Sonya was recently referred to as a “cute little cyborg.” Yan, who considers Star Trek: The Next Generation “a documentary,” absolutely welcomed the moniker. And why not…. I mean, the fact is, she is a cyborg. According to Oxford, because of her cochlear implants, Sonya’s abilities “are extended beyond normal human limitations by mechanical elements built into the body.”
And I can see why people who wear cochlear implants may embrace the term cyborg to identify themselves. When Sonya was diagnosed with hearing loss, my brother sent me an article written by Michael Chorost, who proudly refers to himself as a “Cochlear Cyborg.” Born with profound hearing loss that grew worse over time, Michael chronicled his relentless pursuit to make himself hear a rendition of the famous musical piece “Bolero” by Ravel, through cochlear implant mappings and upgrades. The last sentence of his article was particularly moving to me: “My hearing is no longer limited by the physical circumstances of my body,” he writes. “While my friends’ ears will inevitably decline with age, mine will only get better.”
But the term cyborg still bothers me. I don’t want Sonya’s identity to be defined by the fact that she wears cochlear implants. It was one of my greatest fears when I learned she was deaf — that she wouldn’t feel part of our society. And it’s why Yan and I chose to pursue auditory/verbal therapy for Sonya, rather than sign language.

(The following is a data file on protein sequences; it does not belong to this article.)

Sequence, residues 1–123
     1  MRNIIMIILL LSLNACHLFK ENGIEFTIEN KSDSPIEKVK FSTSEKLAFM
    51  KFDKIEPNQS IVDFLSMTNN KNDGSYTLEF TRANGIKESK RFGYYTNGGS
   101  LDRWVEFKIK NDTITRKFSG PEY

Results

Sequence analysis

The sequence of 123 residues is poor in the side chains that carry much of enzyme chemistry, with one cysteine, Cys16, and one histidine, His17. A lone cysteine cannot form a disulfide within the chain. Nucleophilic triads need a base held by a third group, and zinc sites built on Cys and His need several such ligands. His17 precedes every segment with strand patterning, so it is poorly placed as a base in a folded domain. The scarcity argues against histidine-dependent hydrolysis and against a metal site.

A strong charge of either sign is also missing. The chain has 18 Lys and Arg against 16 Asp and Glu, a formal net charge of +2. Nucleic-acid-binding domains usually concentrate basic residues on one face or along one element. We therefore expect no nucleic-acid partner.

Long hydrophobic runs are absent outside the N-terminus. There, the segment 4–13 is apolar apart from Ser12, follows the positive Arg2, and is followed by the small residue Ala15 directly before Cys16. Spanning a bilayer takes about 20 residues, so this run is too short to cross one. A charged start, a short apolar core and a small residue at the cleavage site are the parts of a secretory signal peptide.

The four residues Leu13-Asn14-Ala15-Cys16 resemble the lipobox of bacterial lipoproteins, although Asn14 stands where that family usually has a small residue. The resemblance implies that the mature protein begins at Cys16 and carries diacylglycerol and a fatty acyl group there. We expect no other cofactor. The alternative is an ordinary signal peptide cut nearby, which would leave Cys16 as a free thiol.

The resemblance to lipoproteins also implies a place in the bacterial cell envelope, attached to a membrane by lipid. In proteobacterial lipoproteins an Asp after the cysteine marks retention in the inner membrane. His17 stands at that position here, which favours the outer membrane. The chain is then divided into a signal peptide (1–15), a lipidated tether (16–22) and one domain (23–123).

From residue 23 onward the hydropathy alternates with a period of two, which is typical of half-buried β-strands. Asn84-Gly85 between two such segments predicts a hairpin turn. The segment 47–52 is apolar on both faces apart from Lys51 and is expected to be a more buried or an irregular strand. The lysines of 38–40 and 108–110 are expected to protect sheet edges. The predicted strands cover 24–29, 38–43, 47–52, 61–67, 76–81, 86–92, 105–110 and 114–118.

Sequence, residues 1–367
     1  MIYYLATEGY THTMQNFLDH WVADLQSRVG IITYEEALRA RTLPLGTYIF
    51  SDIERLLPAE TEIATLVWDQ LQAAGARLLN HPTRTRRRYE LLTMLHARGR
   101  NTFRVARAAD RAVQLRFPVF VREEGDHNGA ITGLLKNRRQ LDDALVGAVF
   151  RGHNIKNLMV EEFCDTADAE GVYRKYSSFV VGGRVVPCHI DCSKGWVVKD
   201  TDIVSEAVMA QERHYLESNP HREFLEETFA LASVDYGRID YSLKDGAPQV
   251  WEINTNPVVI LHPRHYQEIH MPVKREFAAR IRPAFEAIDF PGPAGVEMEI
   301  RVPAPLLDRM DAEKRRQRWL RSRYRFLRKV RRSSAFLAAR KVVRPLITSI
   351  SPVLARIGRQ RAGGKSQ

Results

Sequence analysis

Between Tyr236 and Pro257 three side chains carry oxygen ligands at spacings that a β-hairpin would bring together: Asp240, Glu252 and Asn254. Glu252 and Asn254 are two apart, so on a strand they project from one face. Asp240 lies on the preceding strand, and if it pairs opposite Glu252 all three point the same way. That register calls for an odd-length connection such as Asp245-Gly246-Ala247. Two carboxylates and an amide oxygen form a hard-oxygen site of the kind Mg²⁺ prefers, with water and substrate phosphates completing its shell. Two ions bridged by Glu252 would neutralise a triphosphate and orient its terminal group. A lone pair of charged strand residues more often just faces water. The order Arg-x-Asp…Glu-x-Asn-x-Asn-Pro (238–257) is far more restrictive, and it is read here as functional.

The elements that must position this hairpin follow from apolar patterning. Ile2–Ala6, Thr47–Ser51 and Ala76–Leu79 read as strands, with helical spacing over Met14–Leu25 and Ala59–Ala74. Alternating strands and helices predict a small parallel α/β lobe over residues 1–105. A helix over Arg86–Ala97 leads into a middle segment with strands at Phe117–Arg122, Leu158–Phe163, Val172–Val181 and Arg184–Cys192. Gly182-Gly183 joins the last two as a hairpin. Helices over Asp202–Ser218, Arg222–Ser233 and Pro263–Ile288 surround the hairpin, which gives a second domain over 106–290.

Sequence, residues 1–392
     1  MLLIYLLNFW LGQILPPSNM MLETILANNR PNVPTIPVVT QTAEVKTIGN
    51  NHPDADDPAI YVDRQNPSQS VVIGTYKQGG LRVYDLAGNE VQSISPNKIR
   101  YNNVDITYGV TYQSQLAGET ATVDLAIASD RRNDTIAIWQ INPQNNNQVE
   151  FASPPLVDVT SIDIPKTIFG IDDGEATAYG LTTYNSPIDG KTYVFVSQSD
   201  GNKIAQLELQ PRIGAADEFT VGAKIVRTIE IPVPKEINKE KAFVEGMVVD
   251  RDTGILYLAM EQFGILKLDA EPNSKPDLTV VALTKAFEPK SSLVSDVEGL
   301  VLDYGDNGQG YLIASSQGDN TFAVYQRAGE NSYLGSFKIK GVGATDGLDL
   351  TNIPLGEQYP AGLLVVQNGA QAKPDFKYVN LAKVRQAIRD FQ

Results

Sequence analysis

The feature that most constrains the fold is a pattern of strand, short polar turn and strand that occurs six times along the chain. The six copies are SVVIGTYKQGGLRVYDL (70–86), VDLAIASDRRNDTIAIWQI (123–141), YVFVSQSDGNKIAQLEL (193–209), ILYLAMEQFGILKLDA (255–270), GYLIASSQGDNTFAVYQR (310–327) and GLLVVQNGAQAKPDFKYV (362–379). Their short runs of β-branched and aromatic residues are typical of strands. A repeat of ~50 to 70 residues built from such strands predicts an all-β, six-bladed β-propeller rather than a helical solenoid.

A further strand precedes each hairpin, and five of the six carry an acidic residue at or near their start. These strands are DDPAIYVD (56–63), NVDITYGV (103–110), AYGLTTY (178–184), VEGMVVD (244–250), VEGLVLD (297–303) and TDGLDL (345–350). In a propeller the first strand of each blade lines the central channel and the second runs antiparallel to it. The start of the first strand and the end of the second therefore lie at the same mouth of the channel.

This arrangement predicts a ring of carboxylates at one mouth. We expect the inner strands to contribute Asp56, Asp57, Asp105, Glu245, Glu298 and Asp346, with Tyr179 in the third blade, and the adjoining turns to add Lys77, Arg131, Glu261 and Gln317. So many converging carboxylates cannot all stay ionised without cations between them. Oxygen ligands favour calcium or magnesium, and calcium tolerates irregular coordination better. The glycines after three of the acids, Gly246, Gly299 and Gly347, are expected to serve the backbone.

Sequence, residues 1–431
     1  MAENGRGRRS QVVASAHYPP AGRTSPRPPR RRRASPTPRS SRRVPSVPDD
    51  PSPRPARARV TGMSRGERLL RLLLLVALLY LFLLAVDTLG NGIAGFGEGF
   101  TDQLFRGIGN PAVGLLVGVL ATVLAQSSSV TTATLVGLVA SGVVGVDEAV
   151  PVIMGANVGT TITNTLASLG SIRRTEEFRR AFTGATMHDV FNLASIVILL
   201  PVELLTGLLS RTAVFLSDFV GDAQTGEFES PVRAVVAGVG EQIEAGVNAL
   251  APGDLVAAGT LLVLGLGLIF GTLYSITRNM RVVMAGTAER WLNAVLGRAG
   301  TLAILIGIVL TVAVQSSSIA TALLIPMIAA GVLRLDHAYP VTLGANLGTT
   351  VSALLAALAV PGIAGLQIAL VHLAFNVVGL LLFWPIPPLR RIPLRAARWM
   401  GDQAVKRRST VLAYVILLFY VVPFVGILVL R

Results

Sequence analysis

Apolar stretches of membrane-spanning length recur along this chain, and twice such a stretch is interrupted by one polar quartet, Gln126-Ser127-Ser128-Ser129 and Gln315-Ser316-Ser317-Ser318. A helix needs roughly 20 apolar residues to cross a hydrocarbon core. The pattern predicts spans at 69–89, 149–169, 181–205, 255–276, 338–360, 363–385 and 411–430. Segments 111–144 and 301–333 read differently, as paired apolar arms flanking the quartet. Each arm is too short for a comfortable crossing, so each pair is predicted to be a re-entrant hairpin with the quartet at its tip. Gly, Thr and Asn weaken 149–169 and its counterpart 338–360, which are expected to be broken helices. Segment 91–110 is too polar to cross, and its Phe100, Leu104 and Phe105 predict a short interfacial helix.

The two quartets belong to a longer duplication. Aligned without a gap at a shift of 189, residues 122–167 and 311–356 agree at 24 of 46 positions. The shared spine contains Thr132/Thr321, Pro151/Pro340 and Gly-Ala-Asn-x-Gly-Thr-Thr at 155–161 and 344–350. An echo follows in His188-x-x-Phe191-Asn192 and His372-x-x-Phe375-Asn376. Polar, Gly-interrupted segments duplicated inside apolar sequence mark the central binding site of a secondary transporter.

While it seemed like an obvious goal for us that we would want Sonya to learn to listen and speak and be part of our society, interestingly, a number of other parents we have met through speech therapy are heading in a different direction for their children. One mom I met, who now has a two-year-old with cochlear implants, refers to her child as “a deaf person who can hear.” After much work (and becoming immersed in ASL herself) her child is now fluent in English, American Sign Language as well as a couple other languages (clearly a very intelligent child!)
I certainly respect and see the wisdom behind such a decision. At night, when Sonya is not wearing her implants, I often wonder how we will communicate with her when she is older – when she has a nightmare or needs something. Sign language would certainly be useful in such a situation.
But I still believe we should focus on English first – as learning sign might interfere with Sonya’s ability to learn oral language (as children who are deaf may rely on sign if it is a tool at their disposal, as it is easier for them).
Ultimately, Sonya will be the one to determine how she chooses to identify herself – be it cyborg or whatever. And I suppose I just have to accept this. Sonya was born deaf. She may in fact in the future decide to learn ASL and join the deaf community. But for the time being, while I have some sway, I will do everything in my power to ensure that she has the opportunities available to her in our society first and foremost.